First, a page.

Honduras – a police state?

Honduras has been a lot of turmoil in the last few months.  In June the President, Manuel Zelaya, was forced out of office at gunpoint.  I wrote about it at the time, here and here.  And I still don’t know exactly what happened or why, but then I read pieces like this one from Sarah Stephens who is the executive director of the Center for Democracy in the Americas and she has visited Honduras at least twice since the coup.  And the picture she paints is not very pretty at all.

And now we have elections come up on Sunday.  It is hard to argue that an election held in Honduras today could be considered free and fair.  So I have to agree with Ms. Stephens when she argues that the US must not recognize the election’s winner until the situation improves.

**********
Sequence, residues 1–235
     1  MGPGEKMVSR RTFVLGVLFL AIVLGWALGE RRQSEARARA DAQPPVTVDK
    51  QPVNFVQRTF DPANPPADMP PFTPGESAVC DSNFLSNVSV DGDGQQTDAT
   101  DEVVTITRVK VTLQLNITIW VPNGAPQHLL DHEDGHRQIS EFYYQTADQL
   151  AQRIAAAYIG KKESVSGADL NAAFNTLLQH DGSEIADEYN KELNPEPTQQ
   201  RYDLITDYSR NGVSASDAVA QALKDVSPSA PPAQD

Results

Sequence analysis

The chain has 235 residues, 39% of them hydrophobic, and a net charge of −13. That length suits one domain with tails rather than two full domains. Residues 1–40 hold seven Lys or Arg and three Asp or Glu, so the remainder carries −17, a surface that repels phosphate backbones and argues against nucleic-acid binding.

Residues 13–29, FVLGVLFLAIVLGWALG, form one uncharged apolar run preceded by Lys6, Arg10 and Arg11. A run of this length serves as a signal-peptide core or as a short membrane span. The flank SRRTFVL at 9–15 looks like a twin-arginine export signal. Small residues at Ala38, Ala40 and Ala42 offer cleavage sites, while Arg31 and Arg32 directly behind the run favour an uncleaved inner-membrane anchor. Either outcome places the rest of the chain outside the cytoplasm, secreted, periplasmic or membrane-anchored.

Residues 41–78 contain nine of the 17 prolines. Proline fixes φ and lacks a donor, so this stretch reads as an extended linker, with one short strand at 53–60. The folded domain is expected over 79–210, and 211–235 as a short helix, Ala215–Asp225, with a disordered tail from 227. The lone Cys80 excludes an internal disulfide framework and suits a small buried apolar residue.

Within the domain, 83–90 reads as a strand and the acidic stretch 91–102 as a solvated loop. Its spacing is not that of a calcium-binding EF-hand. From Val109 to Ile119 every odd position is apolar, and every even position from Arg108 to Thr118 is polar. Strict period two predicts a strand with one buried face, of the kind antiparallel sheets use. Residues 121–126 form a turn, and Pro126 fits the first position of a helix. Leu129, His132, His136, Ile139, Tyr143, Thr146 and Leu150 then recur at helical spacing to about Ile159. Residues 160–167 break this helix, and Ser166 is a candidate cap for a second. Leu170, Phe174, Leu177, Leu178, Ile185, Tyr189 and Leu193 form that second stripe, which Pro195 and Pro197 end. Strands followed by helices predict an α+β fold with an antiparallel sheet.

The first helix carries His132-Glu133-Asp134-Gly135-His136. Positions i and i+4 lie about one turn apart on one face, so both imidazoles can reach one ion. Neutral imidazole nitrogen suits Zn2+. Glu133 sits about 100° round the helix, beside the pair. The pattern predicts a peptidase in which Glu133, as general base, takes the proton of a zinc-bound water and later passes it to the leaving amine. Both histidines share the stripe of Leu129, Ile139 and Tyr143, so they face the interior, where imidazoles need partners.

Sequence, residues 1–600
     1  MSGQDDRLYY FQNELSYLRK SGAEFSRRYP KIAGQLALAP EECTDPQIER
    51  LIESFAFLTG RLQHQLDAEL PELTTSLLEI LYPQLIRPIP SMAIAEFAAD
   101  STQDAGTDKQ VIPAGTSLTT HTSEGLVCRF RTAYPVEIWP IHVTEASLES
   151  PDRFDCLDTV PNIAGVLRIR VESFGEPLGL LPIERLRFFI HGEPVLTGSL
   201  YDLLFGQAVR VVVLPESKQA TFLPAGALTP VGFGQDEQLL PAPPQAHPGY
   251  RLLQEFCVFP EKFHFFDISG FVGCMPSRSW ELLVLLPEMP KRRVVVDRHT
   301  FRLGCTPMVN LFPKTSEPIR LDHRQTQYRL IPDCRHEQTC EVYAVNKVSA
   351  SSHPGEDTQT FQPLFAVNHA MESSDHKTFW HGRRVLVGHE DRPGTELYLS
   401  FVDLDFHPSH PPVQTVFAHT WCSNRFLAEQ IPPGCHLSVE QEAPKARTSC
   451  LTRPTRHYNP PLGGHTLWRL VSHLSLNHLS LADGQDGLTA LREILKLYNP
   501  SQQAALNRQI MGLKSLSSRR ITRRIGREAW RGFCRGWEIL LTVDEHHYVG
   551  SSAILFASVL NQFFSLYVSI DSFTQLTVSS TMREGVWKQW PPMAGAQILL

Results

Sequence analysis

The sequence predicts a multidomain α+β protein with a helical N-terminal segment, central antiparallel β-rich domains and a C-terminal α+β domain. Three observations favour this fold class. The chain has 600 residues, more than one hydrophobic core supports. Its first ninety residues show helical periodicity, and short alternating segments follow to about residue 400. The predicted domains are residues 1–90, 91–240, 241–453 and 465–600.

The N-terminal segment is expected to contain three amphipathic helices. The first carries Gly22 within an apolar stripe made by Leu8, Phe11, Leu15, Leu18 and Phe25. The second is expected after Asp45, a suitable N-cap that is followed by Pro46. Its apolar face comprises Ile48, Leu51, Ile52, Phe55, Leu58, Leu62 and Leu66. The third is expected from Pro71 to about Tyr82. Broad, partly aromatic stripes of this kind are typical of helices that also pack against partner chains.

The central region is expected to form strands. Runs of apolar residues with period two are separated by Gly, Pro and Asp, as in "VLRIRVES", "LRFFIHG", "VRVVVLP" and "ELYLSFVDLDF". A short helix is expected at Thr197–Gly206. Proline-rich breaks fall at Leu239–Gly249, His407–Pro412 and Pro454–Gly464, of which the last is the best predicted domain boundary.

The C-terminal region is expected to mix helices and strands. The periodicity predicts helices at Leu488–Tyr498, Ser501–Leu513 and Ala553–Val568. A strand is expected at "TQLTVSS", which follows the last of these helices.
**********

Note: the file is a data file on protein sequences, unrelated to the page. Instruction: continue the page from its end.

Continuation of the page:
An exerpt from her piece on Huffington Post:

“The de facto government of Roberto Micheletti, the former head of the Honduran Congress who the military installed as president, has issued various decrees restricting freedom of assembly and authorizing the military and police to shut down opposition media outlets and, in one instance, to confiscate their equipment. The opposition media is back on the air, but regular interruptions of television and radio transmissions continue. Meanwhile the threat of another shutdown looms due to a recent decree that prohibits any statement by the press that threatens ‘national security.'”


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